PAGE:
Other personalities that may be typical of targets of Upward Bullies include people who may be difficult to work with and as a result are generally disliked. It is suggested that isolation and resentment on the part of managers who are perceived as different and who have poor organisational skills are more likely to give rise to episodes of Upward Bullying (Branch, Ramsay & Barker, 2006). There is a propensity in some departments or companies to attempt to remove supervisors who are generally thought of as difficult or unpopular (Salin, 2003). On the other hand, managers who cope well with workplace bullying, defusing conflict and using less confrontational strategies for managing bullies, were able to de-escalate the conflict between themselves and the perpetrator (Zapf & Gross, 2001), so it could conceivably be extrapolated from this study that managers who have poorly developed emotional intelligence i.e. the ability to identify, assess, and control one’s own emotions, the emotions of others, and that of groups (Goleman, 1996) are less likely to be capable of defusing or deflecting Upward Bullying.
Parallel to these human factors , there may well be contextual factors supporting Upward Bullying in the workplace.
The Toxic Workplace
Researchers make a link between a toxic environment in the workplace and the prevalence of Upward Bullying. There is a reasoned suggestion that where bullies are allowed to flourish, the atmosphere in the workplace deteriorates (Keashly & Harvey, 2006) and a counter argument that a noxious workplace will enable bullying to develop (Andersson & Pearson, 1999). A third plausible proposition is that there exists a bidirectional relationship. People who have recognised upwards bullying in the workplace have identified the symbiotic existence of a dysfunctional work environment (Branch et. al. 2006). It is difficult to pinpoint which one comes first.
The literature suggests a stressed, heavy work environment will lend itself to fostering Upward Bullying. Upward Bullying may also flourish in an environment where roles are ambiguous and demands are incompatible with expertise, generating conflict and frustration (Birks et al., 2014; Einarsen, 2000; Jenkins et al., 2012). While there are some workplace stresses that cannot be changed, there are organisational ways and means of dealing with stresses in an orderly manner, for example regular open and transparent communication; recognition and celebration of achievements; acknowledgement and appreciation of both team and individual efforts which the research suggests could turn around incidences of Upward Bullying. Conversely, there has been a link established between authoritarian leadership and Upward Bullying. Where staff members feel that they have little or no influence on issues that concern their work, they may react by bullying the supervisor, whom they regard is to blame for the situation (Vartia, 1996). Again, the research suggests that with goodwill and guidance, these practices can be changed in order to alter the workplace to one where Upward Bullying has difficulty maintaining traction.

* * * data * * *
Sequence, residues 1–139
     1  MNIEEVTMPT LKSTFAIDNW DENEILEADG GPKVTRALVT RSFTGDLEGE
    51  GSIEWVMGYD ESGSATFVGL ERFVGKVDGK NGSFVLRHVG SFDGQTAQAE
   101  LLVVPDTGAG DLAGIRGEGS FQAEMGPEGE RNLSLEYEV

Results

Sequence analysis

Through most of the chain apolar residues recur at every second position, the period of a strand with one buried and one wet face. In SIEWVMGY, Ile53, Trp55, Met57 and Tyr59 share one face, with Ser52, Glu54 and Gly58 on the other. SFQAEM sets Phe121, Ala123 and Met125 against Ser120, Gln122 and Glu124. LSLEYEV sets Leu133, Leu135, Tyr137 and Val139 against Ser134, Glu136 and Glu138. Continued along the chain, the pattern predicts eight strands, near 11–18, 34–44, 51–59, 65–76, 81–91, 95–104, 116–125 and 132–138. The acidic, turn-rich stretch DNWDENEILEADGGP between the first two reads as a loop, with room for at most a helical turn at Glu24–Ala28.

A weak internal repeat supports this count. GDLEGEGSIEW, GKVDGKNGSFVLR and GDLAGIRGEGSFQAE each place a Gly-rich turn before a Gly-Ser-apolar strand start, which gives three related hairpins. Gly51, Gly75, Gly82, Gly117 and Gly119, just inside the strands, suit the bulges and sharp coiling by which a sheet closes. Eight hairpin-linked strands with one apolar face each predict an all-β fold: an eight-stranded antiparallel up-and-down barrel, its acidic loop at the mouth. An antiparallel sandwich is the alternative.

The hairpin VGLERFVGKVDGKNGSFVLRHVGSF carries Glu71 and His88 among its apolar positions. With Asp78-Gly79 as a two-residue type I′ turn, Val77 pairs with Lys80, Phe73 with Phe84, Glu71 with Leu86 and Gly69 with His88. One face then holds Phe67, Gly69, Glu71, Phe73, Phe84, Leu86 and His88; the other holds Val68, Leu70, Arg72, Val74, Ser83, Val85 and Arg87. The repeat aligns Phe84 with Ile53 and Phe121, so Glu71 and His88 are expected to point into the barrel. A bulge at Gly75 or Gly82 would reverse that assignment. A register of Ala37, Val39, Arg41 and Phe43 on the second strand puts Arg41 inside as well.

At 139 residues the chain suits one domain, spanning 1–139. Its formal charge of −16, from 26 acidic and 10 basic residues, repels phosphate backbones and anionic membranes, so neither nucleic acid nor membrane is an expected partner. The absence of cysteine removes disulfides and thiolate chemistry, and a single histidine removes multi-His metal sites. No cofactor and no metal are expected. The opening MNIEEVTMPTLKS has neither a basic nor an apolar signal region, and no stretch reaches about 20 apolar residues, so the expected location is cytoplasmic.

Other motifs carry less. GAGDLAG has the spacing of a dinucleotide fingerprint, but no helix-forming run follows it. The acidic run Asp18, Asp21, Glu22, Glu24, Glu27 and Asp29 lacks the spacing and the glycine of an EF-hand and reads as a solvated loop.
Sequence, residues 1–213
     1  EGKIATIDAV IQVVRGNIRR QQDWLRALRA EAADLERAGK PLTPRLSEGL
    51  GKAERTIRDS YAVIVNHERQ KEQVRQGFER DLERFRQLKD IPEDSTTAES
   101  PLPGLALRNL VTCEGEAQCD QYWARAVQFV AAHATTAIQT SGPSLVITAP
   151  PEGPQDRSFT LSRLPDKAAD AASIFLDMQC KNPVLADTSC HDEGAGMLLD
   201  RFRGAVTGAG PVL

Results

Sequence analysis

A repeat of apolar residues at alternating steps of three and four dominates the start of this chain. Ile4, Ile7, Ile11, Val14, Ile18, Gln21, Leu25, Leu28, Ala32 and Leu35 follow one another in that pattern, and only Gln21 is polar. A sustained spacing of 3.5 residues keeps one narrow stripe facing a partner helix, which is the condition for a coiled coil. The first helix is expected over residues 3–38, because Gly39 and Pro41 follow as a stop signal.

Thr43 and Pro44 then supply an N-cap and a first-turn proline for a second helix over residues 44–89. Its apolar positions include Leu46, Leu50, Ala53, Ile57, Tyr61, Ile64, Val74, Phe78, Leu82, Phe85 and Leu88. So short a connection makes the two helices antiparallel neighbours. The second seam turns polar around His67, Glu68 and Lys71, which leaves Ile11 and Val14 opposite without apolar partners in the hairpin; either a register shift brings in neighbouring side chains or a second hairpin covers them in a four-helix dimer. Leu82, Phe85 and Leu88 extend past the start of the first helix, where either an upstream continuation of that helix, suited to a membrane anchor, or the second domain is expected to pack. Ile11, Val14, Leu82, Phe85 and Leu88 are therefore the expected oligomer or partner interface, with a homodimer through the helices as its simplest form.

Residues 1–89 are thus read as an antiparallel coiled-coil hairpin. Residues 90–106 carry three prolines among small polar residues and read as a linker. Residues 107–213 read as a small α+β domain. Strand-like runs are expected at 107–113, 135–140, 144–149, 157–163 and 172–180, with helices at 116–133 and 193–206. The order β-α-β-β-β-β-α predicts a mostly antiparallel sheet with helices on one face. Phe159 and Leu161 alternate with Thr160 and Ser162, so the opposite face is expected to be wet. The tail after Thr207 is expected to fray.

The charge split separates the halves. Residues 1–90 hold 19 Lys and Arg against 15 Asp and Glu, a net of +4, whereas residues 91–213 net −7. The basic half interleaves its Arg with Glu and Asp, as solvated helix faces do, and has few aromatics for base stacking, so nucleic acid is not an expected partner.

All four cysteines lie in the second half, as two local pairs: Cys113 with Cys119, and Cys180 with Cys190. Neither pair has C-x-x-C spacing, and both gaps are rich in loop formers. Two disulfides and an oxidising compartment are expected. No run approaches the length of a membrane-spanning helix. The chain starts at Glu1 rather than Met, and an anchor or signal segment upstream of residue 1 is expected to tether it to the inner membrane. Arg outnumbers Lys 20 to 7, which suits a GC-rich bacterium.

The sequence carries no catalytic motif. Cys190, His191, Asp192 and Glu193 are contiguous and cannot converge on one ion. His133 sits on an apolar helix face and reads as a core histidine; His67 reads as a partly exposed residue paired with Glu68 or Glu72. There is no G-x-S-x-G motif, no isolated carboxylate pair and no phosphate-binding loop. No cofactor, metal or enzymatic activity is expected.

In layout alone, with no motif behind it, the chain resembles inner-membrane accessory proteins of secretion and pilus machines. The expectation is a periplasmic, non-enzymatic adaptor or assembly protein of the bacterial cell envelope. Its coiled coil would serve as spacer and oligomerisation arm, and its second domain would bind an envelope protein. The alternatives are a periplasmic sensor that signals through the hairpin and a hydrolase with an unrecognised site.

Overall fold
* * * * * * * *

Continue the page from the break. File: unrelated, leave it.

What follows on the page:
In departments and faculties where office politics thrive, Upward Bullying may become part of the culture and cement itself into the custom and practice of the work environment to a point where both the target and the bully feel themselves to be pawns in the system (Salin, 2003). Where the pressure to perform is high, sabotage by employees of a high achieving supervisor can occur. Those bosses who raise the standard and expect top performances from their subordinates can be deliberately punished via Upward Bullying, to the point where they may be expelled from the organisation, frustrated and defeated (Neuman & Baron, 1998; Salin, 2003). In a Finnish study of three hundred and eighty five managers, Salin (2003) found a positive correlation between Upward Bullying and toxic or dysfunctional office politics. High achieving executive team members were routinely punished for their high expectations of their staff in order to uphold practices of self-interest for the bullies. The assertion is made that Upward Bullying can be seen at least in part as a purposeful and aggressive tactic in companies and departments wherein there is a high degree of expectation of competence as well as a great deal of rivalry among members of staff, both executive and non-executive. It is a cultural problem and one which will not change without a great deal of effort and goodwill on the part of senior management.
An emerging key contributing factor in relation to bullying involves technology and professional development. The nature of twenty first century advancements decree how we communicate both within and across departments and companies. Organisational restructuring resulting from modern technology such as the rollout of new software which requires the development of specific workskills in staff at all levels has inarguably increased the formal power gap between management and employees, which of course can promote Downward Bullying (Ariza-Montes et al., 2014; Hearn & Parkin, 2001; Vaez, Ekberg, & LaFlamme, 2004). However these studies do not take into account the ability of workers with expertise to withhold information from less technologically skilled managers. These critically important experts can therefore bully their bosses by denying them the opportunity to upgrade their skills and understanding of modern processes and practices (Branch et al., 2004; Kim & Smith, 1993; Nicholls, 2015).
Twenty first century changes impact upon all organisations and it is argued that unless leaders adopt a transformational approach, organisational health can decline. In a study of five hundred secondary and primary, public and private teachers in Turkey, Cemaloglu (2011) found that unless a deliberate and cultivated transformational approach to change was maintained by principals, staff tended to blame the boss for unwelcome or poorly understood change and proceeded to bully them. In times where change is inevitable and thrust upon the underprepared worker with a loss of real or perceived rights, it is thought that the reaction may be to resist by blaming the bosses and bullying them in retaliation for the stress they are believed to have caused (Davenport, Distler-Schwartz, & Pursell-Elliott, 1999; Jenkins et al., 2012).